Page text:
In A Rush?
From the Seattle Times, May 2015:
Cassandra Rush, 33, of Issaquah, was among Washington state parents who never considered the danger of windows until her 5-year-old daughter fell 15 feet, face-first, onto a concrete slab last September.
“All I know is I was sitting downstairs with my son,” recalled Rush. “And the next thing I know, I hear her screaming, ‘Help me, Mommy, I’m hurt!’”
The girl suffered a traumatic brain injury, a concussion, damage to her right eye socket and sinus fractures. The kindergartner had to undergo surgery to correct the physical problems and still suffers from anxiety and stress related to the fall, Rush said.
If you had a young child, armed with an insatiable appetite for exploration, how would you ‘child-proof’ your home? Take a second, make a few mental notes, and then think about the windows. Can your child get to them? The harsh reality is, even though windows are an obvious fall risk, we are not adequately defending our children.
5,000 serious injuries related to window falls still occur in young children annually – these are only the reported falls.
So why do I feel like the issue is underestimated? Because anecdotes that involve children falling on concrete, traumatized parents, and life-threatening injuries are not destined to troll around the internet or media outlets. Actually, several parents I chatted with, during a child’s hospital stay, were unanimously astonished that their little one could even get to a window. Toddlers only need a little more than 4 inches to pry open a window and wiggle through. And beware, screens are no match for their youthful agility.
I saw at least twenty cases of window falls at Harborview Medical Center in Seattle, Washington, and was struck with feelings of helplessness each time. The scenario typically involved a warm day, a building or home without central air (hence the open windows), and a child old enough to get to a window but too young to assess the risk.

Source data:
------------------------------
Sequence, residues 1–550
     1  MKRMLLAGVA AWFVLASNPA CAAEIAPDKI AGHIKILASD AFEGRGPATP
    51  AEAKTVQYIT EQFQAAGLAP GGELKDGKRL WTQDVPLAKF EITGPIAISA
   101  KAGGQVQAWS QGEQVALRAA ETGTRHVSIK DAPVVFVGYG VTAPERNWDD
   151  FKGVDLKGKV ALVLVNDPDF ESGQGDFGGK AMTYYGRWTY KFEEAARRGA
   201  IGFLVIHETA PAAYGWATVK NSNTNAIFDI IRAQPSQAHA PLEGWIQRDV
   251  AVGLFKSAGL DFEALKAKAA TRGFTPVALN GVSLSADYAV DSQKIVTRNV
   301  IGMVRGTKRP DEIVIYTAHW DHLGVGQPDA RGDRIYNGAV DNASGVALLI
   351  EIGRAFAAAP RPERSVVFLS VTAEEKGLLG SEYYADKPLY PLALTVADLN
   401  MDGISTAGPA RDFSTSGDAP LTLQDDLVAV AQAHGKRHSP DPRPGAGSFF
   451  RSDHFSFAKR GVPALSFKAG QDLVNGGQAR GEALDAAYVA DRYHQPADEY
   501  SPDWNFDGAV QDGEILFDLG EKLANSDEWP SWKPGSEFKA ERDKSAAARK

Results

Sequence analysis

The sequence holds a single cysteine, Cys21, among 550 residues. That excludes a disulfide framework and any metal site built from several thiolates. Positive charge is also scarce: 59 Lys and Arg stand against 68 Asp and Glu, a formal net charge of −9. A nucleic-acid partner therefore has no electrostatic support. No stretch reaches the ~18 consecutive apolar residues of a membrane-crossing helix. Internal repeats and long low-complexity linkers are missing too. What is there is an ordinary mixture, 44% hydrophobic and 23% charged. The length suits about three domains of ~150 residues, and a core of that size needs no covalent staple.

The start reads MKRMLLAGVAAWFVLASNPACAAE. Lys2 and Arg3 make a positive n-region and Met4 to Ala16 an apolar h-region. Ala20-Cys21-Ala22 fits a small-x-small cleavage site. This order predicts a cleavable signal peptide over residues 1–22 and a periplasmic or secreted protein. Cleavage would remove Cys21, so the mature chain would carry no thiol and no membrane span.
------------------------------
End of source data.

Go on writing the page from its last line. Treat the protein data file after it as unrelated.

Here are three actual scenarios:
An 18-month-old who rushed over to an open window to look at the family car when dad left for work.
A 4-year-old who climbed a bookcase to play with a window and leaned on the screen.
A 2 year old who managed to squeeze through a window opening, likely out of curiosity, while his mother was taking a shower.
It’s impossible to describe potential injuries without inducing shock and sadness. Some kids fell on bushes, others fell on concrete. And some windows were on the first floor while others were 6 stories high. Young children have a higher head-to-body mass ratio and inertia is not very forgiving. In other words, children almost always fall on their heads.
Children can’t open windows
But it’s hot as (explicit) in the summer, and we need to open our windows
Open it up to 4 inches and lock it there. No higher. Or if you have double-hung or bottom hinge windows, open the top only. And think cold weather thoughts.
Window screens protect children from falling out
This is quite possibly the largest misconception in this topic; screens keep bugs out but definitely not children in. In a study looking at nearly 100,000 cases of window falls, almost 83% had screens in place. Screens are designed to pop out otherwise a house fire would be equivalent to being trapped in an oven. I bet a kitten could push out that flimsy device.
The open window is 4 feet high so no worries, it’s out of reach
Your little monkeys can climb bookcases, sofas, televisions, a sibling, the family mastiff, etc. You think a simple height barrier can stop a child on a mission? Think back to how inventive you were back in your “young Houdini” days.
Why isn’t the government doing anything?
Ultimately it is every caretaker’s responsibility to supervise children and ensure windows have guards installed. Nonetheless, some states like New York have building codes that mandate landlords place window guards in apartments with children under the age of 10 years. Alongside educational campaigns such as, “Children Can’t Fly”, the incidence of window falls in New York has dropped drastically. Follow suit, get your community leaders involved and you could save lives.
In short, I really despise the fact that “window falls” served as such a substrate for my pediatric trauma training in residency. It is such a ridiculously simple problem to conquer with the right proactive approach. Interventions are fast, cost effective, and do not require any long-winded thought.
Maybe in another lifetime, on another planet, children will be able to fly. But for now, just keep them from falling.